meets...Keri-Anne Payne

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 Author: Andrew Allen
Open water swimming; the only sport where the threat of red and yellow cards for violent conduct exist in tandem with the danger of wayward choppy waves, pesky seaweed, poisonous jelly fish stings and gut-wrenching fatigue. It doesn’t sound that appealing does it?
Alas, for Great Britain’s Keri-Anne Payne it is a way of life and one at which she excels. The 22-year-old shot to prominence two years ago when she won the silver medal in the 10km event at the 2008 Olympic Games and has since ensconced herself at the top of her event by winning the World Championships in Rome last year.

Tipped for further success when the Games come to London in 2012, the lithe and lively swim sensation talked to about swimming in Hyde Park’s Serpentine River, her memories of Beijing and her desire to get the masses into the pool through the Schweppes Abbey Well ‘Schwim Free’ campaign.

You shot to prominence off the back of your silver in the 10km open water race in Beijing; how did you get into such an epic event?
I’ve been swimming all my life in the pool and was always doing middle distance freestyle races; moving to the open water event was just a natural progression. When Cassie Patten moved from Plymouth to Manchester to train with us she was already doing open water [races] so my coach just said give it a go and see how you get on.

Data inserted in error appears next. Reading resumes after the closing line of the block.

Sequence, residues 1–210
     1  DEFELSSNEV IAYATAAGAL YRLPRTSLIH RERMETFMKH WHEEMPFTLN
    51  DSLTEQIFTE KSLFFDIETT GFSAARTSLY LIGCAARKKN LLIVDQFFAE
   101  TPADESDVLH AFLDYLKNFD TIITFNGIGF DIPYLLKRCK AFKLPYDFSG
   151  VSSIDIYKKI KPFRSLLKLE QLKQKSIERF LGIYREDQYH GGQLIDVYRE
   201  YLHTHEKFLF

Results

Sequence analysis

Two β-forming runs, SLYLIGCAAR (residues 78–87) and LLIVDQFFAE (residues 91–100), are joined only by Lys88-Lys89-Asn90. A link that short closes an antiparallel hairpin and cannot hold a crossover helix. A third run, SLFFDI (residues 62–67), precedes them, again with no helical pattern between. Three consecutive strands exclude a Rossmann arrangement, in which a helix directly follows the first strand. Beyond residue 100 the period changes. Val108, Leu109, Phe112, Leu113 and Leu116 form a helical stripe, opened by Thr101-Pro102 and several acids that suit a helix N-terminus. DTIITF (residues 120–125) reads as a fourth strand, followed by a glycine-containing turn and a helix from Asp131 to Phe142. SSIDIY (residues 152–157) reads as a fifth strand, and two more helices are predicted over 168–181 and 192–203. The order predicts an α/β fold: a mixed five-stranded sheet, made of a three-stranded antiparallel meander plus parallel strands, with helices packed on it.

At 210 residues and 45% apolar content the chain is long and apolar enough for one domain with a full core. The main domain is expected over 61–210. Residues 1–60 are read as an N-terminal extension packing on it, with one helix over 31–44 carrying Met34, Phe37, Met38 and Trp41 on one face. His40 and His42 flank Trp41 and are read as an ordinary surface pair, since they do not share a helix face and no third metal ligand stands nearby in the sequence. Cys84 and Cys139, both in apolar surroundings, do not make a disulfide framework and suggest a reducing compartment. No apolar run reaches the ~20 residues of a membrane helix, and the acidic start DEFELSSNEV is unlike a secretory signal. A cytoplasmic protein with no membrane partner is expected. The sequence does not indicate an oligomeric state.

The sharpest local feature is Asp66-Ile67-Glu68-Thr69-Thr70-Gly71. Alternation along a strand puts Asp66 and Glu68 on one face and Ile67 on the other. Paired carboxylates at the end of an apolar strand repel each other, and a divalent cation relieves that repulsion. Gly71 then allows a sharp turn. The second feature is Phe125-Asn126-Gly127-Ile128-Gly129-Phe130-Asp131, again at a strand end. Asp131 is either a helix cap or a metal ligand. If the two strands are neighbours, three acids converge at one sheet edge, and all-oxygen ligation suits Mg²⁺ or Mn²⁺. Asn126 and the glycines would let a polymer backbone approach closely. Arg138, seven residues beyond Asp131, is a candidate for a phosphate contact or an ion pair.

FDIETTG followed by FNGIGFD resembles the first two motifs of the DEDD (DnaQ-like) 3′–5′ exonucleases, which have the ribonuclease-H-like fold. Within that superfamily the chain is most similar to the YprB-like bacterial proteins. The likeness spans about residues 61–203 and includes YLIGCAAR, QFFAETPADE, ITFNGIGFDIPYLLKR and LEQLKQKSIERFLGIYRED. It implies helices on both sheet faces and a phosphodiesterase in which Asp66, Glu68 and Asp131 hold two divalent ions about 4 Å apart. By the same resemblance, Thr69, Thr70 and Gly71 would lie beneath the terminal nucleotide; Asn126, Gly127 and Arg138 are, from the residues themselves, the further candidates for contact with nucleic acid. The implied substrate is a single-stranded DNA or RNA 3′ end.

It sounds like you took to it like a fish to water...
[Cue groans] Yeah I suppose...
It looks like an aggressive as well as incredibly physical event. Is this something which forms part of the attraction for you?
It’s all just part and parcel of the race really. I was really attracted to the fact that at every race you face different conditions, whether it be the weather, currents in the water, sea life. Anything and everything can change even if you’re racing the same course from one day to the next. Thos different challenges are what attracted me to the sport.
Are their competitors on the circuit with notorious reputations for unsporting behaviour in the water?
Yes, there are certainly people who you know who to stick with and people who you try and stay out of the way of.
Tactically, do you go into a race studying the strengths and weaknesses of opponents or is it about concentrating on your own race and hoping for the best?
You know roughly how everybody swims their races, things don’t change that much. For me it’s all about focusing on what I’m doing.
I read you were stung in the mouth by a jellyfish while in the lead at the World Champs in Melbourne a couple of years ago? That sounds horrific...
It was. It’s just something you have to deal with, you can’t stop. I’ve always been the type of person that if you start something you have to carry on and try and finish it. The occasional jelly fish won’t stop me. I was fine after a couple of days.
Looking back at Beijing what are your residing memories of the Games as a whole?
The whole experience was unforgettable; walking through the Olympic Village and seeing all the different stars walking around was great, the accommodation was amazing, the volunteers were extraordinary. Everything was so professional, it was all done brilliantly. I actually don’t remember too much of my own race, I’m not really sure why...but I loved the whole experience.
Was there any time you felt star struck mingling with the famous faces in the Village?